You might notice how decomposition makes you feel good at work or at home. Completing a few items on your to-do list (or chores at home) can make you feel accomplished and less overwhelmed. Hitting these nano goals can also give you the motivation to move forward on longer or more complex tasks.
“I find digging into microproductivity and setting easy-to-accomplish tasks can help motivate me,” says Erik Ofgang, senior staff writer at Tech & Learning. “[Microproductivity can] help us all be a little more efficient, and as most educators already know, small but consistent gains add up over time.”
How Do You Apply Nano-Learning in the Classroom?
Once you break down the psychology behind nano-learning, it can seem like a more appealing — and science-backed — teaching strategy. But how does this theory turn into practice in the classroom?
“Whereas lectures may focus on broader concepts and theory, nano learning presents content in smaller, engaging pieces supported by plenty of concrete examples,” the team at classroom management software provider LanSchool explains.
The authors use the example of a video about the scientific method that pauses periodically to ask questions. The video might ask what a hypothesis is or why data analysis is important. This makes the lesson more digestible and increases retention of the material.
“Nanolearning can also be personalised to meet individual needs,” writes Caroline Cotton, founder of STEM edtech platform BioBrain. “Since nanolearning entails short and concise instruction through audio, video, images, or text, it’s a simple process to assign different nanolearning tasks to individual students based on what they need at any given time.”
This can also help bridge education gaps as students are able to review material and engage with different concepts that they might struggle with without having to review a whole lesson from the beginning.
“If the topic to learn is the size of a pie, nanolearning breaks it into four parts and offers each part as a separate unit,” writes the team at Study International. “This allows viewers to select which part of the pie they want to learn about.”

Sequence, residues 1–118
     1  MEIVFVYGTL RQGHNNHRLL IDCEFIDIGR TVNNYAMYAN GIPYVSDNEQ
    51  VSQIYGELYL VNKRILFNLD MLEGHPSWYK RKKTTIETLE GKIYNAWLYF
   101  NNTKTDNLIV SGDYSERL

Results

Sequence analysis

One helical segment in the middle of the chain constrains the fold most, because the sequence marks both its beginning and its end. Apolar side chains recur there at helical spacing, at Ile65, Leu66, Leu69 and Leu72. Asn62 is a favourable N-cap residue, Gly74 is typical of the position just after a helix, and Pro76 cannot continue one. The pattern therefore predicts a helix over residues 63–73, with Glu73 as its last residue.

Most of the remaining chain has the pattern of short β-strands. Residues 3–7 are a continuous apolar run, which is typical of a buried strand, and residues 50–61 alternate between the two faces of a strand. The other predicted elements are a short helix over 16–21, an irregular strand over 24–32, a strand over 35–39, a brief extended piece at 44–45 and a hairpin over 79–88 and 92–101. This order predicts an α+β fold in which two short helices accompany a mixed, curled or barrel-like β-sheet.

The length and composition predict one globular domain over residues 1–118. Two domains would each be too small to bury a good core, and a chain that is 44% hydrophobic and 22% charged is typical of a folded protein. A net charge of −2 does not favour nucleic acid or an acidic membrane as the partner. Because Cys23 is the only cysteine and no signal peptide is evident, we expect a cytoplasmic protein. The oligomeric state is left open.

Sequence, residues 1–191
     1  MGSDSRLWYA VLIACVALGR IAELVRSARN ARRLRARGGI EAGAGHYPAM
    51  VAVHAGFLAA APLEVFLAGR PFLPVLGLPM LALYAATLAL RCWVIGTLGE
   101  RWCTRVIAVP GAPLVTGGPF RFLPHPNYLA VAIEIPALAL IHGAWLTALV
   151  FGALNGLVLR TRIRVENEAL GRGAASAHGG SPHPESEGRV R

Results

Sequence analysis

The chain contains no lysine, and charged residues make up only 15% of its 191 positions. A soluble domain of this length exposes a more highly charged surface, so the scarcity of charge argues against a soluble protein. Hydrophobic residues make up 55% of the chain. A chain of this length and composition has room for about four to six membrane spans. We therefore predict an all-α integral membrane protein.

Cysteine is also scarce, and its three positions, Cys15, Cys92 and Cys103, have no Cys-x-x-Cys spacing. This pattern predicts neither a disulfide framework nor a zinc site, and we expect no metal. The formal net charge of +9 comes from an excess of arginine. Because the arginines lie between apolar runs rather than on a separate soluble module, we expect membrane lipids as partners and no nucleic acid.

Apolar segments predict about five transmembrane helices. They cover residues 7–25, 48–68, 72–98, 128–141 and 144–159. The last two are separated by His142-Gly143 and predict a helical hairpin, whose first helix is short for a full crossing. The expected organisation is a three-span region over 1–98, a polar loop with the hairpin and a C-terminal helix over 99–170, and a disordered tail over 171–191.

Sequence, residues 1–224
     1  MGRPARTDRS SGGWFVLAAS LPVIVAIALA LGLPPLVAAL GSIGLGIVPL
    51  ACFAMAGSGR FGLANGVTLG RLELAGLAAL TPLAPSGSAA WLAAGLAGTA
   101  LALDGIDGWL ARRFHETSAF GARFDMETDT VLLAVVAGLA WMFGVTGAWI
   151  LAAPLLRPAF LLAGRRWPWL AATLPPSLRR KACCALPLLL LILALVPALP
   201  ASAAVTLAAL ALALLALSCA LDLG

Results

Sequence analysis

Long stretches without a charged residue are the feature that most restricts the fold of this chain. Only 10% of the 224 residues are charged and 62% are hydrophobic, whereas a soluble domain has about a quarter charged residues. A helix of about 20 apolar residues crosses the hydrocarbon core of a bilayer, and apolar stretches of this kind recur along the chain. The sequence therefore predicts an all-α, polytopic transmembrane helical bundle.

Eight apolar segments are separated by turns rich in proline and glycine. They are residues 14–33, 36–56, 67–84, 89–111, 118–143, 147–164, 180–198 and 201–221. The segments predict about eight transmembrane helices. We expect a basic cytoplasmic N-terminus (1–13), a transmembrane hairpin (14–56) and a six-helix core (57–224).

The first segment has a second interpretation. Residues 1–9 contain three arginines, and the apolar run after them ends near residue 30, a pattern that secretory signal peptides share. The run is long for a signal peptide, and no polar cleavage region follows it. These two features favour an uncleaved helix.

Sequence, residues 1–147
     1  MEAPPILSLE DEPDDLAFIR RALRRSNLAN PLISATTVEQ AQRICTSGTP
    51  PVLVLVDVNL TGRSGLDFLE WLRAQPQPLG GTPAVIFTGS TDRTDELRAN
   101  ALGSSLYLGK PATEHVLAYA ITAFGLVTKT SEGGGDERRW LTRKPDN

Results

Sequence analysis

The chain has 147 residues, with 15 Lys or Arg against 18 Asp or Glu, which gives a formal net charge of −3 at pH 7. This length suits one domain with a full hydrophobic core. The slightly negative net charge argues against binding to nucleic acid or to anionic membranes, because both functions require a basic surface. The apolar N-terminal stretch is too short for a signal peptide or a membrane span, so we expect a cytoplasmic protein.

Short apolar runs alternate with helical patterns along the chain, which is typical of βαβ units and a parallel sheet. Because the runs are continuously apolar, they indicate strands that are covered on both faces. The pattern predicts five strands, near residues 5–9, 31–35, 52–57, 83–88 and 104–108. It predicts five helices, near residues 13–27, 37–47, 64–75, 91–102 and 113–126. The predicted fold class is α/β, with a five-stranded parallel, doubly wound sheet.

Nano-learning is a subset of micro-learning. Some educators use the terms interchangeably to discuss breaking down large lessons, while others use one strategy over the other at different times.
“Microlearning is learning that is delivered in brief content modules,” writes the team at the Digital Learning Institute. “Nano learning is similar to microlearning, but the learning sessions are designed to be even smaller.”
Both micro and nano-learning can enhance your lesson plans. They reinforce materials and can give students space to ask questions that develop a deeper understanding of the content.
“Micro and Nano learning focus on meeting the learning needs of the student in a laser-focused manner,” writes edCircuit columnist Devishobha Chandra. “It is especially useful for learning progression – transitioning from what to why to how.”
The Future of Nano-Learning
While nano-learning (breaking down big ideas into smaller bits) isn’t a new concept in education, the way teachers implement it is. More teachers are looking for digital tools, short videos, and even text message apps to add nano-learning to their existing lesson plans.
“As of now, nano-learning techniques are only implemented on enterprise levels – for training and development programs in companies,” writes Lakshmi Puthanveedu at AhaSlides. “Ed-tech companies have also started implementing nano lessons in their courses, but it would still take a while for schools to adapt to this.”
A major corporation might have the budget to implement nano-learning software into its training materials, but most schools and teachers don’t have these funds. And if a school does decide to invest in edtech software with a focus on nano-learning, educators would then have to figure out how to use this tool within their existing teaching style.
“The problem is most teachers don’t teach in the nano style but drown students in content and subject them to overly-long lessons where learning fatigue is guaranteed,” writes educator John Dabell. “How many teachers have ever created their own multimedia nano-lessons?”
Developing nano-learning content video content takes time. While thousands of teachers worked to do this during the pandemic, nano-learning requires a lot of material to ensure every topic is discussed.
“The most common form of nanolearning is video shorts, also known as ‘video pills’ because they are brief and easy to understand,” writes Alicia Verweij, who was an elementary school teacher for 12 years.
Teachers can create their own videos quickly on their phones or use existing YouTube, Instagram, and TikTok content to supplement their lessons. However, it still takes time to search for these videos and add them to lesson plans. Even watching micro videos throughout the day can reduce the amount of teaching time an educator has.
While nano-learning is an exciting way to teach students and keep them engaged, there are still barriers to implementing this learning style. Schools with more resources might be able to afford better teaching tools, but educators in under-funded districts are forced to create their own content or continue to teach by the book.